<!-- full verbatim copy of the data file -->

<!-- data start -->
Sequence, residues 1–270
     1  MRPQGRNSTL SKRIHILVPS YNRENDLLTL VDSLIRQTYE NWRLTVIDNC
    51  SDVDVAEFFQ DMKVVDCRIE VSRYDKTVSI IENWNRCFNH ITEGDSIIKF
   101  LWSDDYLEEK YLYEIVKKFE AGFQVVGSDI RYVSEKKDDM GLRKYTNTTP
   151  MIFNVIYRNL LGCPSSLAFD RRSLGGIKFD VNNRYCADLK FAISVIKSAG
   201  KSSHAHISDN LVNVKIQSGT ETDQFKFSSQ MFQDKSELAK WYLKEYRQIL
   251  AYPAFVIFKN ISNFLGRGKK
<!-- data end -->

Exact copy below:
Sequence, residues 1–270
     1  MRPQGRNSTL SKRIHILVPS YNRENDLLTL VDSLIRQTYE NWRLTVIDNC
    51  SDVDVAEFFQ DMKVVDCRIE VSRYDKTVSI IENWNRCFNH ITEGDSIIKF
   101  LWSDDYLEEK YLYEIVKKFE AGFQVVGSDI RYVSEKKDDM GLRKYTNTTP
   151  MIFNVIYRNL LGCPSSLAFD RRSLGGIKFD VNNRYCADLK FAISVIKSAG
   201  KSSHAHISDN LVNVKIQSGT ETDQFKFSSQ MFQDKSELAK WYLKEYRQIL
   251  AYPAFVIFKN ISNFLGRGKK